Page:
After we got through, we picked an island and headed into charted depths of 3-4 feet. Ended up the water depth was actually 8 or so feet almost all the way to the bank. Why? Who knows. Bad charting or a hurricane or two have changed the depths. This is why we own a boat that allows us to do a bit of exploring and testing the depths.

We ended up on the island you see to the lower right. Beautiful water, good swim, but no "shootable" fish.

The picture to the left is for some of my past Towing Students. This is a perfect example of a "Long Tow." The little tiny boat in front has a very long Hawser with a large Catenary pulling that big box through the water. Of course you don't want to go between the little tiny boat and the big box.

Lower left you can see the Mile Marker who is the Gemini that joined us for this trip. They are based in the Keys. Then lower right you can see the head of a sea turtle that just popped up for the camera.

While we were at Treasure Cay we saw this "little cat." This thing was HUGE. beam was probably 28-30 feet and the length was probably 50 feet. The Captain was conducting a 2 week college course on sailing which earned each of the participants 3 hours of credit. What a way to earn college credit. Wish I had thought of that!

So this morning was the de-boarding time and they were all flying back to the points from which they came. And so it is. You go to sea and then you leave it. Then again, you can be like us and go to sea for 5 years, love it and never be happy until you return.

Below left you can see the line of people that were boarding for the first trip to the marina so they could catch the plane boss, the plane.

Then there is the dreaded junk in the fuel. Our boat is 16 years old and our fuel has been cared for. However, you just can't take care of everything perfectly. We've been having this nagging problem with the port tank such that the RPM's would vary about 200 rpm's every now and then. Next, I met Mike who had major issues with his fuel. He had to remove his tanks and clean them out. My brain started going and for the 5th time today ran my 2 micron fuel polisher. This time, however, I pumped the last bit of fuel into a jug and tried to get stuff off the bottom. I finally ended up with a bit of sludge that was in my filter system. It was a gelatin mass so that means that mass was blocking my fuel flow in that tank. When we get to Marsh Harbour I'm going to pull the tank and clean it up. This is probably something I need to do to the other tank when we get back.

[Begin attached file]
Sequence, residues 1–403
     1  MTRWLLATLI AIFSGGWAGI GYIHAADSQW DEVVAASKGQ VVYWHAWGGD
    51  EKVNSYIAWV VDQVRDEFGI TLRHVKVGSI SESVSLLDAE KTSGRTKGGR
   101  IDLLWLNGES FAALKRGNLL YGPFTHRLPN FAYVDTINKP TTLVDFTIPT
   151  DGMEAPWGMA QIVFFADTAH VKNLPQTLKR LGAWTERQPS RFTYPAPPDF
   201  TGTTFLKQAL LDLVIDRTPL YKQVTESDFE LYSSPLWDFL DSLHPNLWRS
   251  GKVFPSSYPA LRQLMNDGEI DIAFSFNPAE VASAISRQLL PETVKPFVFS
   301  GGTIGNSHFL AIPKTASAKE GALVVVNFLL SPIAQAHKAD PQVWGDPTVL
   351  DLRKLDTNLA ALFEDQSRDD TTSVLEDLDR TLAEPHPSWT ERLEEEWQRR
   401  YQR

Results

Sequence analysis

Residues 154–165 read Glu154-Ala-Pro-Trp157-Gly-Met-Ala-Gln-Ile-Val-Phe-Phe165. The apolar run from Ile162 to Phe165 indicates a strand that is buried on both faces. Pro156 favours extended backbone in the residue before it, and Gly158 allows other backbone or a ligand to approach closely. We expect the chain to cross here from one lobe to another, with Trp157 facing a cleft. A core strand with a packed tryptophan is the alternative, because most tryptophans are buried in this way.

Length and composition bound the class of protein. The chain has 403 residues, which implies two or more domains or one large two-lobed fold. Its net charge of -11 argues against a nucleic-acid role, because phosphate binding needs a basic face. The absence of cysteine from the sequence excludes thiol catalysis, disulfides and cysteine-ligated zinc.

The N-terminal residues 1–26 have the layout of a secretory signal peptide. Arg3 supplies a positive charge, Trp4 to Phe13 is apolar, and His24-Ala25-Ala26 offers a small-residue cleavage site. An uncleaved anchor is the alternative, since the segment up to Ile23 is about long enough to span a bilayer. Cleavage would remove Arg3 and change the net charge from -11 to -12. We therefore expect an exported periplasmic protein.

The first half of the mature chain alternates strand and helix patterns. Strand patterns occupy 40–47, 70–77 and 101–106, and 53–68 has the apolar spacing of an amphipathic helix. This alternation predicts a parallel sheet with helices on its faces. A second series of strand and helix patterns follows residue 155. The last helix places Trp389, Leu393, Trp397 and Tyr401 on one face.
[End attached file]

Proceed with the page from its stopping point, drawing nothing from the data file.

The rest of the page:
I love cruising. Fixing your boat in a tropical location. Afterall, stuff happens out here and if you are stuck at a dock you never get to experience all this fun!

Speaking of fun, we headed into Nippers today since it was Sunday. They have a great party and pig roast every Sunday. Deb and I never eat as much anymore so we split a plate which meant that there would be no seconds. Great food but I have to tell you that if you really want Bahamian Mac and Cheese then go to my recipe page. The rest of the food was great.

To the lower left, you can see Mike and Kim having a great time of it too. Unfortunately, the picture of Bill and Sissy didn't turn out so I picked up this picture
Bill and Sissy took under water of a Ray.

Pretty cool don't you think?

Nippers had a couple of pools. You can either go out and swim on the reef or hang out at their pools as we did.

The beach was also pretty cool!

Ok, I had another pool picture. Everyone was dancing to the music.


On the way back I picked up another picture of the Poisonwood tree which is as if not more dangerous than poison oak or poison ivy. Bottom line, don't touch the tree!

As we came back out I picked up a couple of pictures of the three Gemini's at anchor. Next year there should be 15 of us out there! Pretty cool don't you think?

I also had to run over just to get another good picture of our 16 year old Freedom. Great boat and not to bad crew too.

Once back aboard I got this picture of the other two Gemini's.

Then I took the picture of Grabbers along with the anchorage. When we arrived, there were only 12 boats in the anchorage. As the day went on and the party grew, the anchorage filled up.

Tonight we were over at Mike and Kim's boat for happy hour but that is about 15 pictures from now. Since I have posted just about too many pictures for one posting, I say quit while I'm ahead. Save some for later.

I should be able to post this in the morning and then we will move on to Hope town for even more pictures. Following that will be Marsh Harbour.